[unisog] Posting of Bandwidth Hogs

Greg Schaffer schaffer at mtsu.edu
Sat Oct 12 14:15:50 GMT 2002

I half-jokingly tell students to start a grass roots campaign when they 
complain to me about bandwidth problems in an attempt to get their peers to 
stop sharing.  Really, our BW problem has been OUTBOUND moreso than INBOUND 
but that has affected all traffic (if requests are slow getting out...).  So 
we have tried most of the usual tricks of the trade, but the best really seems 
to have been limiting inbound and outbound BW per connection regardless of 
application. We partition the dorm traffic so ResNet can't affect the rest of 
the university (and, fortunately, most faculty/staff networks haven't (yet?) 
had a P2P problem)but by limiting individual connections performance is back 
to an acceptable rate.

But I think posting a top ten BW Hog list will present more problems than 


>===== Original Message From "Daniel G. Epstein" <depstein at uchicago.edu> =====
>On Fri, Oct 11, 2002 at 05:09:59PM -0500, Mary M. Chaddock wrote:
>> We are considering the use of peer presure to help regulate the bandwidth
>> usage.
>> Are any universitiies posting "Top Bandwidth Hog" lists? If so are, how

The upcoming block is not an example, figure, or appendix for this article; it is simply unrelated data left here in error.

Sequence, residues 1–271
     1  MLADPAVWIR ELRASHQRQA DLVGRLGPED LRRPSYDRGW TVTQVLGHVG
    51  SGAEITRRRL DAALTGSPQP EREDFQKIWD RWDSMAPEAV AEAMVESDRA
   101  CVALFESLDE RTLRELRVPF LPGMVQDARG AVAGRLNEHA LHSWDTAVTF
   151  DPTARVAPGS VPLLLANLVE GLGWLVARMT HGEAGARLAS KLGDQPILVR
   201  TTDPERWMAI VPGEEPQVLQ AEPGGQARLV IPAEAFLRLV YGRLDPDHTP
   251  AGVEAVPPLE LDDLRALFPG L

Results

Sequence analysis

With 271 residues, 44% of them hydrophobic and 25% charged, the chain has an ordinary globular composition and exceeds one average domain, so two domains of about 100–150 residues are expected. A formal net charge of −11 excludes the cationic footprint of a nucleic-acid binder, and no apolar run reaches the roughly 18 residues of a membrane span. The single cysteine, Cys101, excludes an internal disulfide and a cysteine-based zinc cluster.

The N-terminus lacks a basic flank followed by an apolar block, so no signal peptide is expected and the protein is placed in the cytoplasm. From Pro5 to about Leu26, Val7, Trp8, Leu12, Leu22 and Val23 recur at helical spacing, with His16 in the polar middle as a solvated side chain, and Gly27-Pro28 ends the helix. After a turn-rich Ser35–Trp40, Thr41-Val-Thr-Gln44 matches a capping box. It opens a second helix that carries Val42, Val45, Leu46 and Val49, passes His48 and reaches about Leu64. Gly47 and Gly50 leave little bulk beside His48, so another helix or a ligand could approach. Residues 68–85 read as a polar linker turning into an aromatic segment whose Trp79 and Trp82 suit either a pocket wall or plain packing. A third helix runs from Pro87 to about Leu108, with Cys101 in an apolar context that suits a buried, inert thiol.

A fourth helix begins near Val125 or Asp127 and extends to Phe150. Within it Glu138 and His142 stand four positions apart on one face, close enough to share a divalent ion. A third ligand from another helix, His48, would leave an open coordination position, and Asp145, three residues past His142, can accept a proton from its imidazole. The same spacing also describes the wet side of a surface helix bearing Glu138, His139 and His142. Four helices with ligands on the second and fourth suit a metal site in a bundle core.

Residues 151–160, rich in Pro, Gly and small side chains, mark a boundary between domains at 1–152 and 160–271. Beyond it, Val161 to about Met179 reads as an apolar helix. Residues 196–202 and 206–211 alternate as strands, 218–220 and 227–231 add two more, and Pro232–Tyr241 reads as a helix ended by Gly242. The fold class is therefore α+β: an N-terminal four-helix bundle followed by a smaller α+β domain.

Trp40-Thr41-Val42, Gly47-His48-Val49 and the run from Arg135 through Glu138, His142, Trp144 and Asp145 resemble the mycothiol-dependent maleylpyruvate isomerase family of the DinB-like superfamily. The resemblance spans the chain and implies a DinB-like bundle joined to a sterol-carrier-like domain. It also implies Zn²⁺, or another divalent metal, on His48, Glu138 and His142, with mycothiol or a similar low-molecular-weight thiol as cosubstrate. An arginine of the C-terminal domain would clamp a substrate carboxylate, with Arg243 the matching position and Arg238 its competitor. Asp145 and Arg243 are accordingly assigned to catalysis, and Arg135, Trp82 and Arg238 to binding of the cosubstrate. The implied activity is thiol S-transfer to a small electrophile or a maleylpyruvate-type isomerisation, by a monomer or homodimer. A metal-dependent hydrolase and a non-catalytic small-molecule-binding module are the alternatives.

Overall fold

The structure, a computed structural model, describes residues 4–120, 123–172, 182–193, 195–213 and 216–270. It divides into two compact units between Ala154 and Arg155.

>> are you doing it? What information to you provide? Who has access to
>> it?
>> Have you noticed results? What do the students think of this?
>Would that count as a 'student record' under FERPA?  I guess I'd be
>afraid that someone would use it as an excuse to overreact and either
>attack the machines of the bandwidth hogs, or otherwise cause a problem
>for them.  This would result in bigger security headaches for you and
>possibly cause the bandwidth hogs to retaliate with legal action.
>IMHO, it'd be better to checkout the packet-shaping thread and see if
>you can implement something like that.
>A boast of "I have been's,"  | Daniel G. Epstein
>quoted from foolscap tomes,  | Network Security Officer,
>is a shadow brushed away     | Network Security & Enterprise
>by an acorn from an oak tree |  Network Systems Administration
>or a salmon in a pool.       | NSIT, The University of Chicago
>                             | depstein at uchicago.edu
>GnuPG public keys available from http://pgp.mit.edu/
>or http://security.uchicago.edu/centerinfo/pgpkeys.shtml

Greg Schaffer
Director of Network Services
Information Technology Division
Middle Tennessee State University

More information about the unisog mailing list